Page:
A solid sweet beautiful book.  It will be one to return to periodically, a lovely gift for a shut in (perhaps with a snail garden attached!) or an able bodied person who would relish an excuse to stop the world for just a short time.  I'm so glad I received that nudge to go dig it from the Nook shelves.  It certainly makes me wonder what other gems are buried in those piles, both physical and electronic. ( )
8 vote tututhefirst | May 19, 2013 |
Some beautiful prose. I love her lingering attention to the small. Unfortunately, the book got quite slow--not enough inner transformation or at least reflection for my tastes. ( )
  ElizabethAndrew | May 13, 2013 |
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Epigraph
A small pet is often an excellent companion.
-- Florence Nightingale, Notes on Nursing, 1912
The natural world is the refuge of the spirit... richer even than human imagination.
--Edward O. Wilson, Biophilia, 1984
Dedication
To biophilia
First words
In early spring, a friend went for a walk in the woods, and glancing down at the path, saw a snail. Picking it up, she held it gingerly in the palm of her hand and carried it back toward the studio where I was convalescing.
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Book description
While an illness keeps her bedridden, Elisabeth Bailey watches a wild snail that has taken up residence in a terrarium alongside her bed. She enters the rhythm of life of this mysterious creature, and comes to a greater understanding of her own confined place in the world. In a work that beautifully demonstrates the rewards of closely observing nature, she shares the inspiring and intimate story of her close encounter with Neohelix albolabris - acommon woodland snail. Intrigued by the snail's world - from its strange anatomy to its mysterious courtship activities - she becomes a fascinated and amused observer of the snail's curious life. The Sound of a Wild Snail Eating is an affirmation of the healing power of nature, revealing how much of the world we miss in our busy daily lives, and how truly magical it is. A remarkable journey of survival and resilience, The Sound of a Wild Snail Eating shows how a small part of the natural world can illuminate our own human existence and deepen our appreciation of what it means to be fully alive.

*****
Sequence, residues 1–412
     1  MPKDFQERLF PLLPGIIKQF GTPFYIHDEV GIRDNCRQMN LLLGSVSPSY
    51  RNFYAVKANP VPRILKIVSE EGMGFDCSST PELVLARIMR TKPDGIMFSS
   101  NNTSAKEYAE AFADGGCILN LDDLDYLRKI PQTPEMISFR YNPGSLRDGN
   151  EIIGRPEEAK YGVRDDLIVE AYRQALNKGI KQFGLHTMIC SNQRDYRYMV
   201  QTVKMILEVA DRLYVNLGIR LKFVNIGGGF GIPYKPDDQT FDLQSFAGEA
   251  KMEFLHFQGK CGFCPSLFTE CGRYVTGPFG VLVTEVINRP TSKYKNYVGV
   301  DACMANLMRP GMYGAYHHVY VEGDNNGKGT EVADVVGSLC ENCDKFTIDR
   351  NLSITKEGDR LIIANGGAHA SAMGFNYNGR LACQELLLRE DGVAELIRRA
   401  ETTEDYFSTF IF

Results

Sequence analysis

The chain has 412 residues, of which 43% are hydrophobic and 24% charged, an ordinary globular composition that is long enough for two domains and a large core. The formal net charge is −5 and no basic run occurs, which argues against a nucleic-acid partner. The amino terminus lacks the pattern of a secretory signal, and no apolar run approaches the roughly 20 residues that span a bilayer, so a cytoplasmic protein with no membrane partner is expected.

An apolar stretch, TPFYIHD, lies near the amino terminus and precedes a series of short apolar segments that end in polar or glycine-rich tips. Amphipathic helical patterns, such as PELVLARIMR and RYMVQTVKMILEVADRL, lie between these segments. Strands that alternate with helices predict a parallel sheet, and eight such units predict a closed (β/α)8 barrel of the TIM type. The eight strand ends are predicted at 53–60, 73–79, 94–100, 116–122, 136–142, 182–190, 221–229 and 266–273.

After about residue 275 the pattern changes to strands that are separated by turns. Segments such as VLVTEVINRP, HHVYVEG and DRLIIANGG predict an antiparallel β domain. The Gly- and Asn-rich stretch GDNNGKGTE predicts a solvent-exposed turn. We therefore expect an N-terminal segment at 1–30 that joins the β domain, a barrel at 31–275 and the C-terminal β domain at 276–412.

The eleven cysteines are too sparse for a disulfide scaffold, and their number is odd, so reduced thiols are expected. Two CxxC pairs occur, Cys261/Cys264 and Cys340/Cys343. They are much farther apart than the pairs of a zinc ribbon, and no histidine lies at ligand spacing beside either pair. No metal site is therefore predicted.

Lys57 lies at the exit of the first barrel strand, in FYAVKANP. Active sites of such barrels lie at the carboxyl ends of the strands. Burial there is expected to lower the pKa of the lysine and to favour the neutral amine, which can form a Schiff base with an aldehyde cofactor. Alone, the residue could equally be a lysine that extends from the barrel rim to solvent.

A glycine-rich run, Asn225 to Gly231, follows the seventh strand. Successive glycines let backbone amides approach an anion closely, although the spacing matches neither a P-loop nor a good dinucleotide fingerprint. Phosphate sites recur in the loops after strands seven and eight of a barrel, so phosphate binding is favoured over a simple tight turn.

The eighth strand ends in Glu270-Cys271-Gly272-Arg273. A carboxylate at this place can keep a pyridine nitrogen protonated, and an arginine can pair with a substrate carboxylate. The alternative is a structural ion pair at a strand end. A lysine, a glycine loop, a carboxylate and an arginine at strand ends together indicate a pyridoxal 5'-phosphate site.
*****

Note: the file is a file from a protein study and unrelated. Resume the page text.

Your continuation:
Haiku summary
Most unlikely friend,
Humble snail, shows me the way.
Glide here. Stick there. Wait.

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In a work that beautifully demonstrates the rewards of closely observing nature, Elisabeth Bailey shares an inspiring and intimate story of her uncommon encounter with a "Neohelix albolabris" --a common woodland snail.

(summary from another edition)

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Penguin Australia

An edition of this book was published by Penguin Australia.